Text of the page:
energy reserves are adequate to support a rational and planned transition to sustainability. However, emissions from the use of such resources—particularly heavy metals and carbon dioxide—will have to be controlled if this potential is to be exploited in environmentally acceptable ways.
Probing deeper we find that this is but part of the answer. Duchin (in this volume) suggests that the geographic locus of emissions of carbon dioxide and oxides of sulfur and nitrogen will continue shifting from the rich to the poor economies, even if only moderate economic growth is achieved in developing countries over the next several decades. At the same time, there will be a significant increase in the total emissions of carbon dioxide. These shifts are likely to occur even under optimistic scenarios of accelerated adoption of modem, commercially proven technologies to reduce and control pollution in both rich and poor nations. Therefore, if emissions are to be held at current levels, significant changes in production and consumption practices will be required. In addition, strategies to improve industrial ecosystems in industrialized countries are likely to differ from those in developing nations.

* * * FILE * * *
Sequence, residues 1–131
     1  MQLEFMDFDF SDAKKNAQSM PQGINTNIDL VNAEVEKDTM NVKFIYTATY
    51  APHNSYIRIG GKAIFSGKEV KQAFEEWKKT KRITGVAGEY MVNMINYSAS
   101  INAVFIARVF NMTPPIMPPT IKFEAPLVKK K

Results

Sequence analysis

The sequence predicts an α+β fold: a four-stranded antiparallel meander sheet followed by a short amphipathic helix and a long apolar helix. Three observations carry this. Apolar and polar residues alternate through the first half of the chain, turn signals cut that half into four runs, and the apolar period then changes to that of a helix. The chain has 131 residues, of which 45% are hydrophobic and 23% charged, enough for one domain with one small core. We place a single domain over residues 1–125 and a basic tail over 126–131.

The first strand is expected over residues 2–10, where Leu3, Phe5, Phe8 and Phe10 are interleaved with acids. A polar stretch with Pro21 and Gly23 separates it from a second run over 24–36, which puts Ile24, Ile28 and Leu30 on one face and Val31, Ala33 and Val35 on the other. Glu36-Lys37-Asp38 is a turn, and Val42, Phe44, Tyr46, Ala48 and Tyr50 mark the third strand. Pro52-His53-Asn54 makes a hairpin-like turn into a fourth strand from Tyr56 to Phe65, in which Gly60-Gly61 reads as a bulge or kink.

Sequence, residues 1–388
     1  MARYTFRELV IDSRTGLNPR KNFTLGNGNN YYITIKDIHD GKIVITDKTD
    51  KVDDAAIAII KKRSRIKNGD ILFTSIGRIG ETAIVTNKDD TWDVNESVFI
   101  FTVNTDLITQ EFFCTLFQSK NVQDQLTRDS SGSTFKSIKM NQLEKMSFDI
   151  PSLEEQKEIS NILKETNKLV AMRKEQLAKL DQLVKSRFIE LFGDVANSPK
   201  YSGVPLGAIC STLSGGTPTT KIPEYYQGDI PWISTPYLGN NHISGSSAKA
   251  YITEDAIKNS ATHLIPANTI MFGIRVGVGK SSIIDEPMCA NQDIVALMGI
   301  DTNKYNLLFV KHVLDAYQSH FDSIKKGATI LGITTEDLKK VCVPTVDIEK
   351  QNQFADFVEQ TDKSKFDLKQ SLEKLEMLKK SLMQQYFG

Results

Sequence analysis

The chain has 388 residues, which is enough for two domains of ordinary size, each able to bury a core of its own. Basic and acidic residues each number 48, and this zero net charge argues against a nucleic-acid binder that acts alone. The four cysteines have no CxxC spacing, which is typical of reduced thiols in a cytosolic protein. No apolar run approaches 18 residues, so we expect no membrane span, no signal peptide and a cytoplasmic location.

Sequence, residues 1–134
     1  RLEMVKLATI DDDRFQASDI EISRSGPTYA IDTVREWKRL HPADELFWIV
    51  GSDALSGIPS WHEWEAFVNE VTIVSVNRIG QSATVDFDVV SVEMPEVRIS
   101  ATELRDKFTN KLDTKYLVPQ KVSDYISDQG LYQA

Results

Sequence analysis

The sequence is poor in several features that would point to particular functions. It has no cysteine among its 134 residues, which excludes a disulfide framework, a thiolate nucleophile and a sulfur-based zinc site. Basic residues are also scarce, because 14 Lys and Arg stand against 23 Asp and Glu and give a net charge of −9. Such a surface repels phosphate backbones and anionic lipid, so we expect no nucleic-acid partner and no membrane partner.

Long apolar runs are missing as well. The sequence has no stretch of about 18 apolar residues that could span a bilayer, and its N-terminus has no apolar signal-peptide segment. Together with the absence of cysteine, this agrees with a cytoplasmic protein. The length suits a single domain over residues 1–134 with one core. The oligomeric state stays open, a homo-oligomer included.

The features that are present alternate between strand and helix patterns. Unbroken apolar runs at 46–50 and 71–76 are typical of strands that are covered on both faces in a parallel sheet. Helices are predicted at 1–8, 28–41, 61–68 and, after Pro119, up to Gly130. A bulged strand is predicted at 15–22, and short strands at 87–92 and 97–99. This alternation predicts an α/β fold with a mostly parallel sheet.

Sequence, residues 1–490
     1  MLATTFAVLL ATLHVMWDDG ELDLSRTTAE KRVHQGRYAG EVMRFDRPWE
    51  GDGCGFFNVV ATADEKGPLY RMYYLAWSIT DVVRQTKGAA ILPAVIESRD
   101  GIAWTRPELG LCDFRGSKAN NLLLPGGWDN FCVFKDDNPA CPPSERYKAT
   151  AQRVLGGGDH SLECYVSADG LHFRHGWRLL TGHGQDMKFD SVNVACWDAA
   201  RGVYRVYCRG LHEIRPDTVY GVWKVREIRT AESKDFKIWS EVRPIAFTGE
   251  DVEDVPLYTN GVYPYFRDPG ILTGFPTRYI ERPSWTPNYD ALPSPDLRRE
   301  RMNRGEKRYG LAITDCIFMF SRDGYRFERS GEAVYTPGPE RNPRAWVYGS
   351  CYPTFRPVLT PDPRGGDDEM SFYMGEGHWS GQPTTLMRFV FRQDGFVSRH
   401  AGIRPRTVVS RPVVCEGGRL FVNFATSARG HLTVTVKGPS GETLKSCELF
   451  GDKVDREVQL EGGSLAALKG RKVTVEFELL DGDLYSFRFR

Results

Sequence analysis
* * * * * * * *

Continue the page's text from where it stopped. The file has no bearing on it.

Current industrial ecosystems can be characterized by a mix of Type I and Type II materials flows. Industrial cycles tend to be open, with little recycling. The Type III industrial ecology model, which most closely resembles natural ecosystems, is a "no waste" ecology. It is in keeping with the limiting goal of "zero discharge" adopted by several major companies. Yet, the elimination of manufacturing wastes, or zero discharge, is beyond the capability of modem technology and would require the full participation of consumers. It is probably an unattainable goal, but in pursuing that objective it is important to recognize that there are only two possible long-run fates for materials—dissipative loss and recycling or reuse. Recycle and reuse will therefore have to be a part of any quest for a zero-discharge industrial ecology.